If a website has a Q&A pages and blog pages,

I use keywords asked by users to write blogs to create more comprehensive content about their queries because the question doesn't give enough information about important topics.

But the problem is when I create new optimised content the pageviews of the previous landing page (which is the question) improves and the new page doesn't. So shall I wait to see results or are there any other recommendations to fix this?

  • Search is not about keywords. It is about whole language. In the original Google research paper, Page and Brin say that search term matches yield poor results. Google is designed to be a semantic search engine from the beginning. Any appearance of a keyword match is just a simple process of highlighting the search terms as the last step in creating the SERPs. Nothing more. Go for properly written content with topical strength. The more you add to your site, the better it will perform. It really is that simple. Cheers!!
    – closetnoc
    Commented Jan 15, 2018 at 14:18

1 Answer 1


For the blog entries: are you completing the meta information, such as meta title, meta description, including keywords in image titles and the content, and using long tail keywords to pull in more searches? Yes, compelling content is important. But with full meta data and SEO optimized content you give search engines so much more to grab onto. And using SEO optimization will also improve your scores.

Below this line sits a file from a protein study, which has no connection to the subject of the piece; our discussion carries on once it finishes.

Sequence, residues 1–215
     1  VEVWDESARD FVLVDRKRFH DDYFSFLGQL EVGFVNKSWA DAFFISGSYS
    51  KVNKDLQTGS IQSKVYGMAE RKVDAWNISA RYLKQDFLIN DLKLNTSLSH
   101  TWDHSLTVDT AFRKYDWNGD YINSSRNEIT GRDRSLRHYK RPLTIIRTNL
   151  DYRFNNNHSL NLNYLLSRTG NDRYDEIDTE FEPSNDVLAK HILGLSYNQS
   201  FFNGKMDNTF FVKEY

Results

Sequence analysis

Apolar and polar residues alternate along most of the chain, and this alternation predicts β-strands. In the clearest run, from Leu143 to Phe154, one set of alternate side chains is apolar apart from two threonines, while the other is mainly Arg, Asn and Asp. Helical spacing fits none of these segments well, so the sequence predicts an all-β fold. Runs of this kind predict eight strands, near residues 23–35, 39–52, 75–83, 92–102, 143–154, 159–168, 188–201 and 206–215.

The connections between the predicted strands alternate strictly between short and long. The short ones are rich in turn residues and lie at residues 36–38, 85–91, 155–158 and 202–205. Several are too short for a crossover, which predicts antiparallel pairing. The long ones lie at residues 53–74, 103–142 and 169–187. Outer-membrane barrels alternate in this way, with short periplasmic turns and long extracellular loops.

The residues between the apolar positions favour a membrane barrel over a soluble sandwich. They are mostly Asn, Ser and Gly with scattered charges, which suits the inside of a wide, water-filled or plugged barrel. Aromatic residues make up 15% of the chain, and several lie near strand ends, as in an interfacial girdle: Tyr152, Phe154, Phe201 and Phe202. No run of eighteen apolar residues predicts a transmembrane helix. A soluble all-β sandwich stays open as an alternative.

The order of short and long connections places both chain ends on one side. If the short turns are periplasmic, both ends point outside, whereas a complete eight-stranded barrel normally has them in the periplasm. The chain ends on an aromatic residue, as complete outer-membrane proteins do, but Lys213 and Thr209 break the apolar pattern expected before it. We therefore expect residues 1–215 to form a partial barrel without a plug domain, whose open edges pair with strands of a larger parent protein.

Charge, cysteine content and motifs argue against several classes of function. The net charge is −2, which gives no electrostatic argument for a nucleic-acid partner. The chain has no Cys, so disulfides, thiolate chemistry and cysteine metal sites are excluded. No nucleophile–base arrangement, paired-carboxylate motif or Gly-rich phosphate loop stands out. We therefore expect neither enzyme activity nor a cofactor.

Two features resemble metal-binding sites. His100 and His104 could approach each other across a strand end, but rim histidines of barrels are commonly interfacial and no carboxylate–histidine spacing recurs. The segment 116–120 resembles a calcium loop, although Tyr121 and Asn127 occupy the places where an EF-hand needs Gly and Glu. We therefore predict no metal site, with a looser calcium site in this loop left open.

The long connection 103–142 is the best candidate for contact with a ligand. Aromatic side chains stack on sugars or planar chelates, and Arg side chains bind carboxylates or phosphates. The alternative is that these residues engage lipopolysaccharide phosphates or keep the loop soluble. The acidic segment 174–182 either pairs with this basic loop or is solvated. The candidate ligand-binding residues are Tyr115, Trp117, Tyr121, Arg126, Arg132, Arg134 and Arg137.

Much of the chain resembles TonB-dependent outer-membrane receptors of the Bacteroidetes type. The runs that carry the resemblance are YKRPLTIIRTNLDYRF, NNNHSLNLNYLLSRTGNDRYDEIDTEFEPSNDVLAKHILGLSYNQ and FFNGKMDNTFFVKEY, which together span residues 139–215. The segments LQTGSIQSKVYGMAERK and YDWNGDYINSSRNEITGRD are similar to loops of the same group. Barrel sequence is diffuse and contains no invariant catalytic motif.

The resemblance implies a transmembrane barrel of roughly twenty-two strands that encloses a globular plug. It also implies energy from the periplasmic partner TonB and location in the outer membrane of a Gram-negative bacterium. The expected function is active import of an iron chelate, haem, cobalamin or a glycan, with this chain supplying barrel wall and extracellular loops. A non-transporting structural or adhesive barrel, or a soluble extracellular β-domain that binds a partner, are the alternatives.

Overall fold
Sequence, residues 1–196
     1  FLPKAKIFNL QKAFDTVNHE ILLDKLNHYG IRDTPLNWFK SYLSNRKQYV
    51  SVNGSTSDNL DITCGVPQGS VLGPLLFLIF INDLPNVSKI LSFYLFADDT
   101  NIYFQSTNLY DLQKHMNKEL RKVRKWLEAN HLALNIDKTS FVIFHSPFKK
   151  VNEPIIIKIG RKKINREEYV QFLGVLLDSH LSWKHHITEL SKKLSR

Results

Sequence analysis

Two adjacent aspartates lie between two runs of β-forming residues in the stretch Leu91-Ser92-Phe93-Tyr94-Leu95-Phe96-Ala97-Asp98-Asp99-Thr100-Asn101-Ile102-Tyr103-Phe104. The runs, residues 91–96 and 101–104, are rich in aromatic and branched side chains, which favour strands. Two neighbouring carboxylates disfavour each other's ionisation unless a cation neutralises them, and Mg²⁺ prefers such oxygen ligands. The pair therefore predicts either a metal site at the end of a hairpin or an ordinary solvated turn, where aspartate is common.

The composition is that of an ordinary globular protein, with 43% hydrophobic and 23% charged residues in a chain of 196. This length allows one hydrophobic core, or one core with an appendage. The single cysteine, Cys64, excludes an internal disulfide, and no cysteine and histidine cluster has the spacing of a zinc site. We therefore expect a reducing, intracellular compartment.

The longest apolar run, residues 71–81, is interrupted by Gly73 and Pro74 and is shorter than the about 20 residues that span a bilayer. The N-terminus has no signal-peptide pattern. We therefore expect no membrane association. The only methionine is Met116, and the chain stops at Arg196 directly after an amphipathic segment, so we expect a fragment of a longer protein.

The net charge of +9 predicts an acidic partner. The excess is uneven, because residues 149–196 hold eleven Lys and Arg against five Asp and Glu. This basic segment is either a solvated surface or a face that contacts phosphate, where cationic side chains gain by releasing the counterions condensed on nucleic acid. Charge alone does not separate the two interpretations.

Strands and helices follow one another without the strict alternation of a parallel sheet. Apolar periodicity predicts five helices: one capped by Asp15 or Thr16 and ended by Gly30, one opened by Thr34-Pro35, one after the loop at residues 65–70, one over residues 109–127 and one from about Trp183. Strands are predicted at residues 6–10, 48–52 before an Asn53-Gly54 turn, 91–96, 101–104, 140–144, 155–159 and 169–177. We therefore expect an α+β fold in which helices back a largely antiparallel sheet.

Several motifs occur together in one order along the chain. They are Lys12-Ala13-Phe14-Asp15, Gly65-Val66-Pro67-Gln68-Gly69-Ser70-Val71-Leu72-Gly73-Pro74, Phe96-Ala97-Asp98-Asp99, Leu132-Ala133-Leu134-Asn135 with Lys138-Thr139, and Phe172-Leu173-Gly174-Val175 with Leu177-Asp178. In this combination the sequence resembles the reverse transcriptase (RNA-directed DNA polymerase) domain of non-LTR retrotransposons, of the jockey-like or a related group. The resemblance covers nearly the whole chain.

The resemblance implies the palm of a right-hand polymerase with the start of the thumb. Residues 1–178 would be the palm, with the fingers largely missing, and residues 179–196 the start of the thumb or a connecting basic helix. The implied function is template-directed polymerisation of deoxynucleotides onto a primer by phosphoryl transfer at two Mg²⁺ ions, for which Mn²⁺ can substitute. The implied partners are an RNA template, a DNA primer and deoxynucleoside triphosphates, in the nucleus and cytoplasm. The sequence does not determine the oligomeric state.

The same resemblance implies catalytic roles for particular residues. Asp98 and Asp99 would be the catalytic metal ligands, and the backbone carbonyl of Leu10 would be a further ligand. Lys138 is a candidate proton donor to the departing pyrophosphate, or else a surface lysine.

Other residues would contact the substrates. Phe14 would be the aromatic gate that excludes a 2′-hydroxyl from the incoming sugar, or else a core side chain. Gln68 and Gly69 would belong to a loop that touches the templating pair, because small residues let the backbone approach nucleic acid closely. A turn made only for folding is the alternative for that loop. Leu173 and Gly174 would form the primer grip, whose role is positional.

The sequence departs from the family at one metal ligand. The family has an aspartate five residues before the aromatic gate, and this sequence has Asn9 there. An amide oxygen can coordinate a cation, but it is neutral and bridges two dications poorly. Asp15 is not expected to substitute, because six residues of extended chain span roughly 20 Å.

For example, you can take the keywords asked by your users and do some searches on them yourself -- are the results relevant to your blog? And by adding to the original terms with long tail keywords you give yourself the chance to be a bigger fish in a smaller pond. For example, searching for "css" gets a huge number of results and you'll be buried. However, searching for "using css and jquery to rotate background image" is much more specific and will improve your opportunities to appear higher in the search results and get better scoring.

Plus, notice that the long search string is more like natural language. That's more compatible with how Google finds and presents results. So using a more specific long tail keyword (without going overboard, in the example above a good choice would be "css rotate background image" or "jquery image rotation"; not the whole search string) results in focused results.

My advice would be to create fantastic content and use all of those meta data fields to enhance your SEO optimization.

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